Proplems persist at Ridgewood Retirement Community

Ridgewood

 

When William Dennis Foster Jr. came to the Ridgewood Retirement Community in 2007, his family said the facility was a welcoming and attractive alternative to many assisted living centers around Beaumont.

“When he first went there, that was a real good place,” said Reggie Stevenson, Foster’s brother in-law. “They had good food. They had games and stuff.”

But within a few months, Foster was having problems adjusting to his surroundings. Part of the problem is the nature of Foster’s illness. Foster — a paranoid schizophrenic with 100 percent disability after his service in the Vietnam War — must have a constant and supervised regiment of psychotic drugs. To ensure his timely dosage, Foster’s family said they wrote manager Tera Windt a check of $200 every month on top of their monthly rent.

“I’d write a $200 check and just leave it blank,” Stevenson said.

Foster would eventually have a seizure, prompting his family to rush to his aid. But when they approached Windt for Foster’s medications, the Stevensons would be surprised to find no medications were there.

“Tera said that she had his medicine at her house and that she had been dispensing his medicine to him,” Stevenson said. “There was a big blow-up.”

Eventually, Windt brought the medications back after the verbal argument between Foster’s family and Windt.

“Her husband brought his medications back up to Ridgewood and we went and got them and pulled him out the next day,” Stevenson said.

Windt was later fired, along with her husband, after Foster’s family said she had Ridgewood’s cook and/or the maintenance man disperse Foster’s medication.

But unlicensed dispersal of medication isn’t the only problem at Ridgewood.

In May, The Examiner first exposed conditions at Ridgewood the city’s health department found to be substandard. During the health inspections, officials found the kitchen, pool and other amenities to be completely unsanitary and unsafe, prompting a letter to the owner of Ridgewood — Samuel Pinter of New York — that addressed the infractions.

Former Houston Mayor Bill White called Pinter a “slum landlord” after the city ordered Pinter to pay $100,000 concerning a property later condemned by the city for plumbing, electrical and structural problems, and $44.8 million for federal mortgage fraud in July 2010 in a U.S. District Court in New York.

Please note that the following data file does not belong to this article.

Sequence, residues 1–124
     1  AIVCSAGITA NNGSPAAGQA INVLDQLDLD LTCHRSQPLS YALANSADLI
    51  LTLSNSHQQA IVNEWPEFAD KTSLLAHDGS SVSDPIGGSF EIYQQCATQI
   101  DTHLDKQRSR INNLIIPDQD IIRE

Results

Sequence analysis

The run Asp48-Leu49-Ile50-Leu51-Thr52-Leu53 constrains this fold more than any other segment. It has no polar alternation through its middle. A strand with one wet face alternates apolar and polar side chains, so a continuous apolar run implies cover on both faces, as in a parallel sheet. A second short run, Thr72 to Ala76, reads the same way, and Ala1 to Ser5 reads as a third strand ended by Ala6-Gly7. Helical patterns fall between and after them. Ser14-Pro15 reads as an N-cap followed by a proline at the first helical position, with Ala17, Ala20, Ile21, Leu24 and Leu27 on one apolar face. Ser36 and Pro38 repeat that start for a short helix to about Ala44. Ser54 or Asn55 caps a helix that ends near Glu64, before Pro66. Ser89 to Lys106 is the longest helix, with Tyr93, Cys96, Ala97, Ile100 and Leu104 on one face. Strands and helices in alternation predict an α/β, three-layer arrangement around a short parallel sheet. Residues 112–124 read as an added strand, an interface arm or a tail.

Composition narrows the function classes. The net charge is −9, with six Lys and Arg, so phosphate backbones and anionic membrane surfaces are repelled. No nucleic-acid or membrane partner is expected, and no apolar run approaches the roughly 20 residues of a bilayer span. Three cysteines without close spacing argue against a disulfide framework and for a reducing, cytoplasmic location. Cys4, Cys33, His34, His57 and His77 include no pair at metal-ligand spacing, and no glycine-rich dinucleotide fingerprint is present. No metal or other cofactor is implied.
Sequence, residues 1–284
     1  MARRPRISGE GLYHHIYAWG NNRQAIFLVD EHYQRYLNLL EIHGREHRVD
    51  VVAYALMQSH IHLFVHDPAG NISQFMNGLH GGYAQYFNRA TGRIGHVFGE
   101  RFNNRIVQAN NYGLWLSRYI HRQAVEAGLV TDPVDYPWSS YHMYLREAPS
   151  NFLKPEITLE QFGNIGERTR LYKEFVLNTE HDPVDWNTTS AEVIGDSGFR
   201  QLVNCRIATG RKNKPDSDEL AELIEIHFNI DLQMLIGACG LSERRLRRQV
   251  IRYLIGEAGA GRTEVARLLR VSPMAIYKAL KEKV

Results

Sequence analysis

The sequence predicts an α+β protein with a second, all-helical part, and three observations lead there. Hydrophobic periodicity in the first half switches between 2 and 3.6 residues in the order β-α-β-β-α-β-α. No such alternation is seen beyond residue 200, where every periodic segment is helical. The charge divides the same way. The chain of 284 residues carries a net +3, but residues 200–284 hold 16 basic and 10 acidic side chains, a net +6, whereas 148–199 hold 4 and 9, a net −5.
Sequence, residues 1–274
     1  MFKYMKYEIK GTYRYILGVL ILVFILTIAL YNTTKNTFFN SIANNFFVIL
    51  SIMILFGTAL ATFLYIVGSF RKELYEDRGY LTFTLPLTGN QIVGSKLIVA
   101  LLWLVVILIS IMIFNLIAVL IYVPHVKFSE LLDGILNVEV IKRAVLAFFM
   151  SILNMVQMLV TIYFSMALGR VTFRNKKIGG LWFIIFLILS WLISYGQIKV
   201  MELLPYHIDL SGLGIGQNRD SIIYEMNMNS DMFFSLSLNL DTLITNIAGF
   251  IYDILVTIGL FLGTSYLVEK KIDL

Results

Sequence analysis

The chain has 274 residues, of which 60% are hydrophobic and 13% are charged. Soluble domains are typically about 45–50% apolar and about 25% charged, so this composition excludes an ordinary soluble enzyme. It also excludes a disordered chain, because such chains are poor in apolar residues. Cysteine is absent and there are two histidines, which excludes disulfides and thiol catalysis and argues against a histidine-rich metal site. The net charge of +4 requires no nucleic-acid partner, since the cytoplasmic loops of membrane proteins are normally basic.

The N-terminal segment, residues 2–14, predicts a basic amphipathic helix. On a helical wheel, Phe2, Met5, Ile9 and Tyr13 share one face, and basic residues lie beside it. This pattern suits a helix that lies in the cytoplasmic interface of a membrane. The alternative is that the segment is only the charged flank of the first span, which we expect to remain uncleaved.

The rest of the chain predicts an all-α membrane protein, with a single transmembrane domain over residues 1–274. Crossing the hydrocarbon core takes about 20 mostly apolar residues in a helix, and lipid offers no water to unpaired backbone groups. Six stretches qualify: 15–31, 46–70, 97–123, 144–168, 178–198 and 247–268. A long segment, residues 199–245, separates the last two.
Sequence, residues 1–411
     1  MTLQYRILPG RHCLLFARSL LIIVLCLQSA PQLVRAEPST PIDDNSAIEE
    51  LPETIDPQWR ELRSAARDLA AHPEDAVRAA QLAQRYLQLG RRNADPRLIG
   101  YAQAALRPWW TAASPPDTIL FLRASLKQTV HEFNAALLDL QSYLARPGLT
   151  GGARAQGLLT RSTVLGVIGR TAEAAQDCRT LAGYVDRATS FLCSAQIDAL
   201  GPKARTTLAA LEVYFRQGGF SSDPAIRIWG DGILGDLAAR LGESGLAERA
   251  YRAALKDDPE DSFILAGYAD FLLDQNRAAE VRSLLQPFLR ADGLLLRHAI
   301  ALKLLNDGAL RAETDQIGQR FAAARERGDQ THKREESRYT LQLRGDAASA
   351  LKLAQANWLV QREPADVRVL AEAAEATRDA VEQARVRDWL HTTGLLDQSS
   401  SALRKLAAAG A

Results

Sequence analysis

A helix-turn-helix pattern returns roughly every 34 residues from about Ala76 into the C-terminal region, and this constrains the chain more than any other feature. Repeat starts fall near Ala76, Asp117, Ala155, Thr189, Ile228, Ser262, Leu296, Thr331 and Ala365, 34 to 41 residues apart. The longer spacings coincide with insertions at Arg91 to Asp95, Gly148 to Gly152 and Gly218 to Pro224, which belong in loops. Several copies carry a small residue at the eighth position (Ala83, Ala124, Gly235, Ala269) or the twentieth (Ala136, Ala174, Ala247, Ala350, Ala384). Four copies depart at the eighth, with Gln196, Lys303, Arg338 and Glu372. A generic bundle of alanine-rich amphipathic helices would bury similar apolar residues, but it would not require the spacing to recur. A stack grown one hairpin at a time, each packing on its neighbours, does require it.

Closer to home, according to health inspectors, Ridgewood had a kitchen that was “in very bad condition and very dirty. Coolers and refrigerators were not working properly and mold was found on the food left inside these coolers.”

The walk-in cooler was at 80 degrees and had spoiled food inside.

“Front refrigerator, 70 degrees; pork in front refrigerator, 96 degrees,” the health inspector states.

The inspectors found at least two kitchen employees were not certified to handle food. The city’s health department also cited Ridgewood for mold in numerous locations, especially near areas where a leaky roof has inundated parts of the facility.

Since the May inspections, which provided a deadline to have the problems resolved, it seems the health department’s warnings have fallen on deaf ears. According to a July 3 inspection record recently obtained by The Examiner, health inspectors noted that “German cockroaches were still present in the food preparation facility and that the overall condition of the kitchen had declined since the last inspection (June 18). The pool is also not yet completed.”

If Ridgewood has been unable, or unwilling, to fix its health citation until now, it seems the city is ready to do its part to hold Ridgewood accountable.

In an interview with Community Development Director Chris Boone, the city’s top building code enforcement official said Wednesday that building inspectors outside the jurisdiction of the health department had inspected the facility the week of July 22 and found it to be unacceptable.

 

Boone said the city’s next move is to give Ridgewood a warning letter outlining the dangerous conditions and a timeline to fix them, adding that Ridgewood would have five to seven business days to have the pool, kitchen, leaky roof and possible mold remediated.

If Ridgewood has still not complied with the city’s warning within five to seven days, “We’ll turn around and file a complaint with the Municipal Court and it will be a court action,” Boone said.

Although Boone would not comment directly on when the city’s legal department would draft and cite Ridgewood with a warning, he hinted the warning forcing Ridgewood to address the infractions could come in a matter of days.

Looking back on his brother in-law’s plight, Stevenson said the signs were there that Ridgewood was deteriorating.

“It was a real good place at first, but then this new guy bought it and it has started to go downhill,” Stevenson said. “Dennis would call and tell us that, and I would believe about half of what he was saying. I should have paid more attention.”

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